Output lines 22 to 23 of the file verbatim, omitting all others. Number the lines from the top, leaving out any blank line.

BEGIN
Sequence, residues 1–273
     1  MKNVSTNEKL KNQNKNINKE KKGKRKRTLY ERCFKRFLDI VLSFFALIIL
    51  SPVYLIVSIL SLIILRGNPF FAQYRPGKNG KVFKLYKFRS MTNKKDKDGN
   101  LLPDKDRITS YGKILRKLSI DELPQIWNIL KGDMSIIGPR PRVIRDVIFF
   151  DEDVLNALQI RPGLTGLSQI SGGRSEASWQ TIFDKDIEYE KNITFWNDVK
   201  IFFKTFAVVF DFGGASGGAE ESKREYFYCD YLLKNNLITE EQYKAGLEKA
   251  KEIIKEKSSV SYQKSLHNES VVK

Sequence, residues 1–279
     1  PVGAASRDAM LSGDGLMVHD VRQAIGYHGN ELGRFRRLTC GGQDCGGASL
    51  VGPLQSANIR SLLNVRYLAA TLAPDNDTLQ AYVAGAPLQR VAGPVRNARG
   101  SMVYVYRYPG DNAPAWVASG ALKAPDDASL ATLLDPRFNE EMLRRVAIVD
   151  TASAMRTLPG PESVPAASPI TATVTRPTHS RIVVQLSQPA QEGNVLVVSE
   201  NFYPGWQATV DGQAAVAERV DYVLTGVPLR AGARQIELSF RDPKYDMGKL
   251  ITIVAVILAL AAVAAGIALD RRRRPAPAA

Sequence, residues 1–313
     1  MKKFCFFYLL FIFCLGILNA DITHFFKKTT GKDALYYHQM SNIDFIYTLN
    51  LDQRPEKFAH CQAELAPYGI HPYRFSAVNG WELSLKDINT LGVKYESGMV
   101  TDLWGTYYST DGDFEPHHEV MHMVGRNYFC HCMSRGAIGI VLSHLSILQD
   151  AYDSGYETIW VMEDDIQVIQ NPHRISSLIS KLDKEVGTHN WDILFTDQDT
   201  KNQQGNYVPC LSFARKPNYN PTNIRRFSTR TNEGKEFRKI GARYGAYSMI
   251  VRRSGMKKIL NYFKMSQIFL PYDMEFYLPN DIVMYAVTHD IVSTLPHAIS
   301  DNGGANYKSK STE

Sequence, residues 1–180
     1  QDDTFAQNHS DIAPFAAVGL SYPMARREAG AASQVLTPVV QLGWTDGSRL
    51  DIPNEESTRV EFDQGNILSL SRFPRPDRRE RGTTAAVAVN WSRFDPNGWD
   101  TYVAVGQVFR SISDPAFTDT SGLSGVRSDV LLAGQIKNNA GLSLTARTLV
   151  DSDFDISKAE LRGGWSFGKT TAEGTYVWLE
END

   301  DNGGANYKSK STE

Sequence, residues 1–180